“No, our baby is not Photoshopped.’’
Brandon and Brittany Buell find themselves saying this again and again about their son, Jaxon.
From his big blue eyes on down, Jaxon looks like a healthy, normal infant. But a severe birth defect caused him to be born with a head that is startlingly small and shrunken on top. He was born with a severe brain malformation that kills most infants within days or hours of birth — if they even survive long enough to be born at all.
“They didn’t give us a definitive term for what Jaxon had in the hospital,’’ said Brandon, his father. “We didn’t see the word ‘till we got home and looked at discharge papers and saw anencephaly. It means no brain outside of a brainstem.’’
It was a grim diagnosis. Anencephaly is a neural tube birth defect in which a child is born without parts of the brain and skull. About one in 4,859 babies in the U.S. will be born with anencephaly each year, according to the Centers for Disease Control.
At 12 months old, Jaxon has defied the odds and lived far longer than expected. But in recent months, his medical complications have grown.
He went from sleeping through the night to barely sleeping at all. His gastrointestinal issues grew more serious. He continued to have episodes that resembled seizures, but couldn’t officially be diagnosed as such due to his neurological issues. And like other infants his age, he was teething.
The family left an Orlando hospital in mid-August and simply showed up at the emergency room at Boston Children’s Hospital, one of the nation’s premier facilities for pediatric neurology.
“Our plan was to go to the emergency room because they can’t turn you away,’’ Brittany explained. “We walked in and said ‘We’re here from Florida.’’’
At Children’s, Jaxon received a slightly modified diagnosis: microhydranencephaly.
That means he has a brainstem, which is crucial for motor control, though it is thinner than it should be. His cerebellum, which controls things like balance and coordination, did not form properly. His most recent brain scan shows almost nothing — just a faint gray line — where the cerebral cortex should be.
“Children who have this are neurologically devastated,’’ said Ethan Goldberg, a neurologist at The Children’s Hospital of Philadelphia who has not treated Jaxon. “The neurons are not there. Neurons are just absent. There’s no way to put them there. There’s nothing even to repair. It’s like having a car with no engine. There is absolutely no treatment. The ship has sailed long ago.’’
During her pregnancy, it wasn’t until Brittany’s second ultrasound that doctors first realized something wasn’t right.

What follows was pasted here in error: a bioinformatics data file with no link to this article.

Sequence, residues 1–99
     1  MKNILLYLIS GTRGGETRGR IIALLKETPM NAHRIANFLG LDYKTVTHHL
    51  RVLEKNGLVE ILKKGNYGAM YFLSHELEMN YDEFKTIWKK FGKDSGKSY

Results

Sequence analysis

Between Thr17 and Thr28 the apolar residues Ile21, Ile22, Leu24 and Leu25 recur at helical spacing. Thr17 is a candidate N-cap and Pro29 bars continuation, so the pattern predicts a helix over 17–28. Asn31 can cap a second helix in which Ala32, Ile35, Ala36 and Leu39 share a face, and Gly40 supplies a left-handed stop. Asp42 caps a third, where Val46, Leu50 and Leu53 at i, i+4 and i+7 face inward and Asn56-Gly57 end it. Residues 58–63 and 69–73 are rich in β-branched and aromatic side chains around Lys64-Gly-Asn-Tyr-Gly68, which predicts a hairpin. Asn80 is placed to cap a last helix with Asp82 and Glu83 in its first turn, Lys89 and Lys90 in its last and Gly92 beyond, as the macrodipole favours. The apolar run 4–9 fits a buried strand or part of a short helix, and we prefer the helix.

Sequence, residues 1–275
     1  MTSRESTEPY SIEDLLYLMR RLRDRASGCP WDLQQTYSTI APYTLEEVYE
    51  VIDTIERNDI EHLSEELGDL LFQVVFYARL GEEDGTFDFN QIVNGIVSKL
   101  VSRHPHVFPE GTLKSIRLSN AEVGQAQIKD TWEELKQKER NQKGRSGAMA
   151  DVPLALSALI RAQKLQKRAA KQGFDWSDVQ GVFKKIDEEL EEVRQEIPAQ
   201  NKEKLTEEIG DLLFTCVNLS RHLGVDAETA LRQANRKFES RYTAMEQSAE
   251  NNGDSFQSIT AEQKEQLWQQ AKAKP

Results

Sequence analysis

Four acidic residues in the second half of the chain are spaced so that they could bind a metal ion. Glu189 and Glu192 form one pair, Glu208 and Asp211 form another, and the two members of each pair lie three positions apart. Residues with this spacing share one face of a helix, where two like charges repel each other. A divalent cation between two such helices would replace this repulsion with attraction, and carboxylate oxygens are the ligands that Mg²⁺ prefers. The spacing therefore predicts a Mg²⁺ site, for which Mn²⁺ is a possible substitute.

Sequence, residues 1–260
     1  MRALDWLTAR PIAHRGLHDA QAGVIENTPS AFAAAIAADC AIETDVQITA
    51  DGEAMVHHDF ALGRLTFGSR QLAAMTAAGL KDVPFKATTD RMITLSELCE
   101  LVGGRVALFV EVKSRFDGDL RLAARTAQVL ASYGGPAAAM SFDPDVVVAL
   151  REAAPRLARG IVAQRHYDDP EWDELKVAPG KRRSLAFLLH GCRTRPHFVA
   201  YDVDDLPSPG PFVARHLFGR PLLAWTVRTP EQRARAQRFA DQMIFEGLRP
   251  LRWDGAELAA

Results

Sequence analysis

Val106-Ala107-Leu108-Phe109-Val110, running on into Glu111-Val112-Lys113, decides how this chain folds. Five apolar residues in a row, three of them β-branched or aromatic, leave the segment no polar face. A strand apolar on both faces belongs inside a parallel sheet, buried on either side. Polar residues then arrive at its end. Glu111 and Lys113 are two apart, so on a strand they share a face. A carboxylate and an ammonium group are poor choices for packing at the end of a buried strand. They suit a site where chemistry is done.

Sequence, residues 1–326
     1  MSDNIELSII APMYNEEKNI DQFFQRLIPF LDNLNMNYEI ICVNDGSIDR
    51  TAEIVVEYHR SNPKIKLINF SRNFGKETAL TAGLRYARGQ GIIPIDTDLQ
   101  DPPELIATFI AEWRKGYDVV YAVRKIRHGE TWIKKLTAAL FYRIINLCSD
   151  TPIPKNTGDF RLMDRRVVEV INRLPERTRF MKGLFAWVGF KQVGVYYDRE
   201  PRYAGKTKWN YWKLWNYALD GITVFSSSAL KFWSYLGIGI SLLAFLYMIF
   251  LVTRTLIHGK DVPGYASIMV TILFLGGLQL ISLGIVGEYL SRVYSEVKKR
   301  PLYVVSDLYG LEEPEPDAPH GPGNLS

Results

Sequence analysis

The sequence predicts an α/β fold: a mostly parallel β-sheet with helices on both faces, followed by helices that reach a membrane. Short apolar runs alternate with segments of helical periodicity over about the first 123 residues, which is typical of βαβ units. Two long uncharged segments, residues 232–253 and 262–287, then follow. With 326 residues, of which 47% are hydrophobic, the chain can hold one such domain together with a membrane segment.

“I knew something was up because the ultrasound tech was quiet. And then she left the room,’’ she said. “We get the call [the next] morning – I’m on my way to work. And I’m literally driving. And they’re like, ‘Your son has spina bifida.’ I freaked out. I was crying.’’
The expectant parents were transferred to a high-risk clinic. Genetic testing soon revealed a gene deletion in both Jaxon and Brandon.
The doctors offered various diagnoses to explain what might be wrong with the baby. The Buells were told Jaxon might not survive or, at best, he might survive and be profoundly effected. They hoped there could somehow be a better outcome.
On August 27, 2014, Jaxon was born via emergency C-section. Brandon saw him before his wife did.
“It was a bit startling and sobering. I looked at his head,’’ he said. “I tried to prepare her. I said, ‘Just so you know, his head is small.’ And I just thought: ‘Wow this is a real situation, and we have no idea how this is going to go.’’’
Jaxon spent three weeks in the NICU on a feeding tube. Then the Buells were sent home to wait for their son to die.
“They sent us home with hospice,’’ his mother said. “[The doctors] assumed he would peacefully pass away. But I canceled hospice within a week.’’
During the first few months of Jaxon’s life, he was hospitalized multiple times for feeding tube issues and two bouts with a virus.
It wasn’t until earlier this summer that he started to seem increasingly uncomfortable. The relatively happy infant was seeming less and less like himself. Doctors in Orlando tried more than a dozen drugs and eleven types of formula, but nothing seemed to help.
In early August, Jaxon was again admitted to Orlando’s Arnold Palmer Hospital for Children.
“They told us they had hit a wall,’’ Brittany said. “And that there was nothing else they could do.’’
The Buells hoped to come away from their three-week visit to Boston with something resembling an answer. Or even a miracle.
While they didn’t get that miracle, they felt comforted by the new diagnosis. Jaxon has begun taking a new medicine recommended by doctors at Children’s that is helping him sleep better.
The National Institutes of Health has a webpage devoted to microhydranencephaly, but the page is little more than a description. There is no cure or definitive treatment for the condition.
On September 3, the family returned to Florida.
“It’s really helpful to finally have a diagnosis that makes sense,’’ Brandon said. “We would not have that if we hadn’t come to Boston. We came to Boston hoping to find a way to add something to the quality and comfort of his life.’’
The Buell family has chronicled their journey on Facebook, where people are often shocked by photographs of Jaxon and think his pictures are fake or photoshopped.
But to Brittany and Brandon, he is just Jaxon, their little boy.
“Normal babies with their normal size heads?’’ Brandon said. “They look weird to us.’’